It won't matter who I'm with in this life, what I do, or where I go. That box of hurt will always be there. I can try and hide it behind all the other stacks of memories, but it won't go away. Sometimes it may feel like it is molding and rotting into pieces, and then when it opens - something I cannot control on days like this - I realize it is as new and raw and brightly horrifying as the day I boxed it up, the pain as fresh as the day he died.


And the panic. Have I mentioned the panic? That I have to live without him. That he's not here to tell me everything is going to be ok. To catch me if I fall. To be my best friend on top of everything else. I could talk to him about everything. He got me. I miss that. He protected me; I trusted him. There was such a profound sense of comfort and peace when he was here. I try to be strong, to move forward, to make big adult decisions and do the right things. I try to be positive in the wake of my personal disaster. To find comfort in other relationships, and security in my future. But no matter where I go or who I'm with or how much time has passed, that box of pain will always be there, rattling around in my heart. And then it occurs to me, with a pang, that without him and his magic ways, maybe it's not all going to be ok.


And that is one of the scariest thoughts ever.



Showing 5 reactions

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  • Martha Barrett-Smith
    commented 2017-02-19 05:46:03 -0800
    Dear Indie (and all on this post), I completely know where you are at. The loss is so incredible, so total and absolute, it goes beyond the puny word “PAIN”. More like astonishing, incomprehensible horror, every time the “box” comes out of the closet. It paralyzes you, stuns you into an open-mouthed silence. I, too, have begged for the mercy of an end. It’s been like having one’s own internal Hiroshima, and I hope that reference does not offend anyone, but that IS what it’s like, and for nearly five years I’ve been like one of the walking dead. But as the days have crawled by, I have come to see myself as a strange sort of human tree—the heartwood completely dead on the inside, but somehow alive on the very surface layers just under the tough bark. Hollow, empty, void, yet still carrying on living activity, at least at some cellular level. And we will go on this way until we fall in the forest. Love, happiness, purpose, joy; these things may or may not have meaning for us again. But sheer dogged determination, the will to stand each day against the rain of cold fire, that we can eventually do. We cannot move on (as so many of our non-widowed friends would have us do). But we get to a place where we GO on. I’m betting you will find that your bark is tough, too. We are trees, and together we OWN this forest called Widowhood. Love to all.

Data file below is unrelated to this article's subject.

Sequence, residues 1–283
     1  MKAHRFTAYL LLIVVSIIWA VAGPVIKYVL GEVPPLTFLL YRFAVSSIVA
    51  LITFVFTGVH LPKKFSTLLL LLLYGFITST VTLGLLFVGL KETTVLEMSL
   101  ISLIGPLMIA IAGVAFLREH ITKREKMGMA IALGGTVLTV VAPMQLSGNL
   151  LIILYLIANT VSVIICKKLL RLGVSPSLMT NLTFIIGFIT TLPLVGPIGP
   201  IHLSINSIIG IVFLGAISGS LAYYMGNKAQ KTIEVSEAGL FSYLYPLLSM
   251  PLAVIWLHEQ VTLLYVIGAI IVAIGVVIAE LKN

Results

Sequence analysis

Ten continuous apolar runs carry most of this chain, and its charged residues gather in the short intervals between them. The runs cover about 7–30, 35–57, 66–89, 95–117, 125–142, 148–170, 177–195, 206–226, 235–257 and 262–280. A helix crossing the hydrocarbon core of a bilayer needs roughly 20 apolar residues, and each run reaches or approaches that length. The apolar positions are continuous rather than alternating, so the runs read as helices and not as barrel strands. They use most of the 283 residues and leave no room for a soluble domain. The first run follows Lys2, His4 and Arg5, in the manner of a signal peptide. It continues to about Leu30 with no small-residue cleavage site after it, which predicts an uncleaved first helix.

• indie
    commented 2017-02-18 12:00:56 -0800
    For four long, tedious, grueling, painful years I too have tried my best to tuck away that box. I’ve given up trying. It is out there for the few people left who periodically come by to see how I am doing. I’m not doing. I am destroyed. I do because I breathe but only because I breathe. I don’t pray but I plead for mercy to have the universe bring an end to this purposeless surreal existence.
    Sorry, today is not the day for me to try and prop myself or others up as I have tried so hard to do for such a long time. I am old enough to know I had everything I ever wanted and beyond because I had true love. I have not found anything to supplant it for years. I welcome my end. It can’t come soon enough.
  • Cathy
    commented 2017-02-17 06:52:12 -0800
    Hugs to you today, these dates in February are so hard as they approach, I understand where your heart and head are. I, too, dread the month, 2/1 date of death of husband and Mom. And as the years go by, fewer and fewer family/friends acknowledge the day. I guess they don’t want to remind me…but how can I forget?

    Life does continue, it carries us along, whether we want it to or not; keep trying, keep living, keep thinking it will be ok. I wonder myself if it will.
  • Lisa Richardson
    commented 2017-02-16 23:28:01 -0800
    That box sprung open for a lot of us yesterday. Valentine’s Day fills me with fear as it approaches and takes me days to recover, even after five years. Sending hugs, strength, and love.
  • Doug McKinney
    commented 2017-02-16 23:02:37 -0800
    Stephanie I get you ! I was a long-term caregiver. We kept my wife at home as long as I could. She had a neurological disease called Gerstmann, Sträussler, Scheinker Disease and it expresses ititself like Alzheimer, Parkinson, and Dimentia. Yes I get your mom and what she is going through; I did what she is doing now.

    And yes, I just want to shoot all clocks. I want to stop time. I was 46 when she passed away at age 44. I just keep getting older and one day I may be around longer than I was with her.

    Oh yes. Ever try buying roses for a funeral the day before Valentine’s Day ? On the 17th. The very day of the funeral